One of the first attempts to relate the development of rotorcraft, both helicopters and autogiros, in Allied countries during the WWII period. American, British, French and Russian rotorcraft are included.
Naval Air Station Patuxent River (NAS Pax River) played a crucial role in forging America’s naval air arm. This unique center proved to be vital for flight testing and evaluating naval aircraft and weapons systems destined for operational fleet service. NAS Pax River taught fleet pilots new tactics by conducting aircraft weapons tests, a tradition supplemented today by ground-based simulation. During and after World War II, it served as a primary center for flight testing and evaluating foreign aircraft. Some of the world’s best test pilots and eventual astronauts came to NAS Pax River to hone their flight skills and to participate in the testing of naval aviation’s premier aircraft. It is also home to the Naval Air Warfare Center Aircraft Division (NAWCAD) and the US Naval Test Pilot School, and it is the headquarters of the Naval Air Systems Command (NAVAIR).
The granting of offsets to promote exports of major aircraft systems has been a source of significant controversy. Critics believe that offsets undermine the U.S. manufacturing base; lead to the transfer of commercial technology, possibly affecting national security; and result in the loss of high-wage jobs. Defenders of the practice argue that offsets are a fact of commercial life and can result in net U.S. job gains. In an effort to focus the offsets debate on analytical issues, the White House National Economic Council asked the National Research Council to convene expert academicians, representatives from the aerospace industry, and top government officials to discuss the impact of offsets on the U.S. economy. To ensure a rigorous discussion encompassing all points of view, the conference included a series of papers outlining the positions of key participants. This resulting volume offers a comprehensive and up-to-date analysis of the impact of aerospace offsets.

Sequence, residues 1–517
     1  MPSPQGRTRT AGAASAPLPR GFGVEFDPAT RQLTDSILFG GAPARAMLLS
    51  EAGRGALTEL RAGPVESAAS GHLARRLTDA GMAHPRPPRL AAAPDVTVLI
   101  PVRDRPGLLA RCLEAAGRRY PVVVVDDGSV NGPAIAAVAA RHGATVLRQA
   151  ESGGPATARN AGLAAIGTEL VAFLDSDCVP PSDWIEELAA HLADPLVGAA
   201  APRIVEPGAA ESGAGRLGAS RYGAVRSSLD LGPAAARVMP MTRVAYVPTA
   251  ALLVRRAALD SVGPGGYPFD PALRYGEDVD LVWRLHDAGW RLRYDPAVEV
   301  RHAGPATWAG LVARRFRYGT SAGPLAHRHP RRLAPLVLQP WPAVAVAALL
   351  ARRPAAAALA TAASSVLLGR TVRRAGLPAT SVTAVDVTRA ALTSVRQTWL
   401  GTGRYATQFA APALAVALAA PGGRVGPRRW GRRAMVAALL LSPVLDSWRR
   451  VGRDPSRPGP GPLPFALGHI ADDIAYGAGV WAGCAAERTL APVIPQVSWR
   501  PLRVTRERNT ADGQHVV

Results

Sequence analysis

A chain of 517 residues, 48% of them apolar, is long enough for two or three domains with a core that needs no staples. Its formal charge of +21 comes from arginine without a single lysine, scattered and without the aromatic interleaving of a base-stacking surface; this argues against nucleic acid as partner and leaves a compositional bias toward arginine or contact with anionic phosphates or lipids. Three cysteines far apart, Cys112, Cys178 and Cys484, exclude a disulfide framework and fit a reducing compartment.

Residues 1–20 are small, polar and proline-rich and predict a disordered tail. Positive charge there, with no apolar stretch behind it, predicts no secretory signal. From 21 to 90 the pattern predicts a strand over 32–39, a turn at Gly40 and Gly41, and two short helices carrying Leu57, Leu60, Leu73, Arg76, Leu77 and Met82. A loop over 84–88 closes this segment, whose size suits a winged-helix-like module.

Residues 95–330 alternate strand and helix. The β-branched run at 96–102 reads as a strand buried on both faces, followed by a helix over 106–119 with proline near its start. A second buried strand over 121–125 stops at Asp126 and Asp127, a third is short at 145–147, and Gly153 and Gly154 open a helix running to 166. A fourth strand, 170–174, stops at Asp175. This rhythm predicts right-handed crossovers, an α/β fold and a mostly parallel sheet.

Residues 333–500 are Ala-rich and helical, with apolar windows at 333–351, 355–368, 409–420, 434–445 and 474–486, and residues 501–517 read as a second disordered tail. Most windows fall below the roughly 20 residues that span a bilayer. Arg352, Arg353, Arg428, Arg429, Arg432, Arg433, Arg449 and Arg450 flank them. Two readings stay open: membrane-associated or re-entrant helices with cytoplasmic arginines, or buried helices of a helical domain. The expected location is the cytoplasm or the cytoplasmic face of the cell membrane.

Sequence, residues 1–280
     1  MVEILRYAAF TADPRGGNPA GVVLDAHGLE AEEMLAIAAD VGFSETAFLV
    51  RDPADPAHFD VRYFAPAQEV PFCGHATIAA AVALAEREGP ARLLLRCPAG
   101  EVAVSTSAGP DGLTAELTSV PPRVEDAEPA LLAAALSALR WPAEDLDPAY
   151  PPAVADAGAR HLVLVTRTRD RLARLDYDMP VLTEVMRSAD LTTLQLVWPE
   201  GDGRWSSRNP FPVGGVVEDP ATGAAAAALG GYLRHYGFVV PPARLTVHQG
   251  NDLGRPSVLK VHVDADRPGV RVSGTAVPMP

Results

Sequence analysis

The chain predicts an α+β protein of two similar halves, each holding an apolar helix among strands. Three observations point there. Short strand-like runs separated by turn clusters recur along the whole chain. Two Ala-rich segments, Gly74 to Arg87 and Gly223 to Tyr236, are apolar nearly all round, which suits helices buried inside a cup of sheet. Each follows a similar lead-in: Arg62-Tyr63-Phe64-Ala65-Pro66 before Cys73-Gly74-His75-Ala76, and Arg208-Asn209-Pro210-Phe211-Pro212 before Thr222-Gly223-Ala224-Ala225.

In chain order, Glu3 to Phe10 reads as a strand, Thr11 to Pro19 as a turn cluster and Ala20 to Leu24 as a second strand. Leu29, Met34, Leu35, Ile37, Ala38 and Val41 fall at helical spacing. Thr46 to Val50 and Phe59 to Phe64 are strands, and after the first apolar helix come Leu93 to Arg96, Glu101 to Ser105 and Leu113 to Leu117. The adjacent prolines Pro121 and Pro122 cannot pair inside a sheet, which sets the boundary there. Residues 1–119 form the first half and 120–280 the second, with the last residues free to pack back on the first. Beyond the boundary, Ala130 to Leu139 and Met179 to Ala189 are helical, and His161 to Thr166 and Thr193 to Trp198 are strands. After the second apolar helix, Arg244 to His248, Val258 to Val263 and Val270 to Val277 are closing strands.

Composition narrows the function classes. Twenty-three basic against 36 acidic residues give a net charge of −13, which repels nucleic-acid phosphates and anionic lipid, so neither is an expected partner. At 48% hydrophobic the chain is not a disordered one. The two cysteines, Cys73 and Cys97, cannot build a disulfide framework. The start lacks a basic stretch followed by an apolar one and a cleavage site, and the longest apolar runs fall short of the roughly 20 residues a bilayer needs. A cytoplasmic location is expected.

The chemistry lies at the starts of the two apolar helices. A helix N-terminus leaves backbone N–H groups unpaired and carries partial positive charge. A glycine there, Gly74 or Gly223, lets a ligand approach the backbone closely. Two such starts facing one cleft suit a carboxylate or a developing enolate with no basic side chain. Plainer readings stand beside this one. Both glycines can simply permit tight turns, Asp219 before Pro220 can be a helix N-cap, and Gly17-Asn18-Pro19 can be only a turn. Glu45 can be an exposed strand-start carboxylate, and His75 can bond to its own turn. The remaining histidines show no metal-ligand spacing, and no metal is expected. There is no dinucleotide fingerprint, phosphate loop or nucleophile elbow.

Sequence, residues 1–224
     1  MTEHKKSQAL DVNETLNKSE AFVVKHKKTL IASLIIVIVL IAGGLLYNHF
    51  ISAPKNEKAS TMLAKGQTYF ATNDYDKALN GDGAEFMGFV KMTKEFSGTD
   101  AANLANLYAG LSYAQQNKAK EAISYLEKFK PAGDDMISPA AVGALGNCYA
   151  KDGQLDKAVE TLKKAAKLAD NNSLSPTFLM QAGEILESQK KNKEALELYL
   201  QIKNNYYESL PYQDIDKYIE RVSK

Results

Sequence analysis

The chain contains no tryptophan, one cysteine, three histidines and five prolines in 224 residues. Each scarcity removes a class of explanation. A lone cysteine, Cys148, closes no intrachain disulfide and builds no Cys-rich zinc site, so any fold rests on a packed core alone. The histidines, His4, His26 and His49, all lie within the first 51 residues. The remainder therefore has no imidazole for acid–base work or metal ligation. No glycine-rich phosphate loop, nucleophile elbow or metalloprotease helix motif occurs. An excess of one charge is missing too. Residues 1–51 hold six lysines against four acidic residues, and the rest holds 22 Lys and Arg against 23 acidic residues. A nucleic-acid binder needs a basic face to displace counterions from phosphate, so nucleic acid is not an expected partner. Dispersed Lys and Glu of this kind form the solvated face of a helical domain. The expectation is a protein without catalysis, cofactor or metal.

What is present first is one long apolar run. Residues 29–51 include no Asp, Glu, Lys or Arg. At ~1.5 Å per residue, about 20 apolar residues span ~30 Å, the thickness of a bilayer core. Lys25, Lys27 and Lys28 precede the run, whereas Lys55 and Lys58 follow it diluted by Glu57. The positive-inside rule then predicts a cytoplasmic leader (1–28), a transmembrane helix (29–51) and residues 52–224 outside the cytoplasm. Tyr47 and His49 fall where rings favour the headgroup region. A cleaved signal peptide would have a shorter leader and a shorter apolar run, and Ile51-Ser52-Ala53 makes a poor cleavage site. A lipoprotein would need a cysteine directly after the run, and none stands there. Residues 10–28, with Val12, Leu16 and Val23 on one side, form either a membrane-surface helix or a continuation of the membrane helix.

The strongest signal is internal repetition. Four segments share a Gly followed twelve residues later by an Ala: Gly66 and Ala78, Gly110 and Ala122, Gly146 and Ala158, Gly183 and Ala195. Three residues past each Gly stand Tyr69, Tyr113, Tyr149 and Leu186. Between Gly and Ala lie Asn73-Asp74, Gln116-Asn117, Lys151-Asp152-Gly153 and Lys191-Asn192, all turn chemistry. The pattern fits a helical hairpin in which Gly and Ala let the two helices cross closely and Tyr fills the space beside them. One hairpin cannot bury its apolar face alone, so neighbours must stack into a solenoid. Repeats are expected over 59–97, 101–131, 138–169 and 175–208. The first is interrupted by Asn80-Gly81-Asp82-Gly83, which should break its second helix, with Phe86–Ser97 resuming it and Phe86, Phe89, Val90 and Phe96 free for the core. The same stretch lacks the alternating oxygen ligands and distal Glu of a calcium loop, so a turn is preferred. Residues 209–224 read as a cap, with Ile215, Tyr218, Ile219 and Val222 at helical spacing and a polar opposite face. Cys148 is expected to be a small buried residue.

Following the creation of the National Advisory Committee for Aeronautics in 1915, a unique flight research operations division was established at the nation's first civilian aeronautics research laboratory, the Langley Memorial Aeronautical Laboratory. Langley flight research personnel helped the nation's aircraft industry bloom during the Golden Era of aviation throughout the 1920s and 1930s. Langley's flight research then helped win World War II with performance-enhancing modifications to new aircraft. During the cold war, Langley helped the country maintain an edge in aeronautics over its Warsaw Pact rivals. When the space race began, the National Aeronautics and Space Administration (NASA) was created in 1958 and Langley's pilots were instrumental in training astronauts. In addition to advancing rotorcraft during the 1960s and 1970s, Langley research pioneered a multitude of military and civil Vertical Short Takeoff and Landing (V/STOL) concepts. During the 1970s, 1980s, and 1990s, Langley research developed advancements in general and commercial aviation technologies.
A one-stop Desk Reference, for engineers involved in all aspects of aerospace; this is a book that will not gather dust on the shelf. It brings together the essential professional reference content from leading international contributors in the field. Material covers a broad topic range from Structural Components of Aircraft, Design and Airworthiness to Aerodynamics and Modelling * A fully searchable Mega Reference Ebook, providing all the essential material needed by Aerospace Engineers on a day-to-day basis. * Fundamentals, key techniques, engineering best practice and rules-of-thumb together in one quick-reference. * Over 2,500 pages of reference material, including over 1,500 pages not included in the print edition
This study explains how Westland dominated British helicopter production and why government funding and support failed to generate competitive "all-British" alternatives. In doing so, the book evaluates broader historiographic assumptions about the purported "failure" of british aircraft procurement during the early post-war period and considers the scope and limitations of licensed production as a government-mandated procurement strategy.